The time I was small, living in Allentown, going out to play with the neighbor kid, walking up town to move through streets and allies and secret pathways behind houses, to climb to the top of the parking garage at Hess’s.
How old was I then? Ten? Twelve? I can’t remember. How long were we on our adventure? Hours? Mom said to go play. Didn’t she? When we came home, the front door of my house was locked. I rang the doorbell. Over and over. She didn’t come. She wasn’t there. Not home. Where was she? I sat on the front steps waiting. How long? Was she ever coming home? Was this the last time she would leave? Was this the final exit?
I’m sure I cried. I’m sure I cried until she returned. When she finally did come home I cried, “Where were you?” “I went to Nanny’s. I called for you, but you didn’t answer. And I got tired of waiting for you. Maybe next time you’ll tell me where you’re going.”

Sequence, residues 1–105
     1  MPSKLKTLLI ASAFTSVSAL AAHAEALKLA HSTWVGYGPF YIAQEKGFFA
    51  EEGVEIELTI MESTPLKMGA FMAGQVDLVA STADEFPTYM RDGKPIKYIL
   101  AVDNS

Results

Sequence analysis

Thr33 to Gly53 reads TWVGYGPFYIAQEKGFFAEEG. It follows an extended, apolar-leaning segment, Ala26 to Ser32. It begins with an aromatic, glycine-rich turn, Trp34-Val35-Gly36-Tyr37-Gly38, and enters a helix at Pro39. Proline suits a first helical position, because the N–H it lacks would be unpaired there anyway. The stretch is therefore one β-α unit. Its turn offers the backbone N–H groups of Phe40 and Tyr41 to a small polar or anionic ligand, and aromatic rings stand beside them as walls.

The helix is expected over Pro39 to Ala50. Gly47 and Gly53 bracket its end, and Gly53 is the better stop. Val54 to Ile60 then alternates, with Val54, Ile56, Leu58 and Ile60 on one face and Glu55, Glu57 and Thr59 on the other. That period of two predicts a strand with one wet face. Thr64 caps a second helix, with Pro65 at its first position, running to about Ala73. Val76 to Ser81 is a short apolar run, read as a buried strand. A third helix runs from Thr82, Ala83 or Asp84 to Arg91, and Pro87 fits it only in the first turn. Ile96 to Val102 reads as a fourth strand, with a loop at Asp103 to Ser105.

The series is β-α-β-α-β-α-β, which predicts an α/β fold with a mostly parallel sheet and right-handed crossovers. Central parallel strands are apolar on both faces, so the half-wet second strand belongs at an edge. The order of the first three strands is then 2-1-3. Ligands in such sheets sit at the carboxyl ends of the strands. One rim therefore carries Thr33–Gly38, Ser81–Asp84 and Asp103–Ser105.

Are these memories even accurate? They’re 40+ years old. Can anything that old even be true anymore?
The real frustration now is these memories are 65+ years old for her. When I try to talk to her about this stuff she just says she doesn’t remember any of it. How convenient for her to have forgotten.
What am I looking for? Hoping for? Oh boy. A simple “I’m sorry. I know I could have done better. I did the best I could.” But it’s the same every time. Laughter. Brushing off. Changing the subject.
So I laugh too. What else can I do? I can’t make her change. I can’t make her into the mom I wish I would have had. She’s the only mom I have. We get along because I know how to handle her.
But getting along and handling are so much less than what I always craved. Unconditional love.
How did I get here? Why is it hurting me so much now? It didn’t matter for so long. Why now?
That is the $64,000 question.
Linking with Kelli.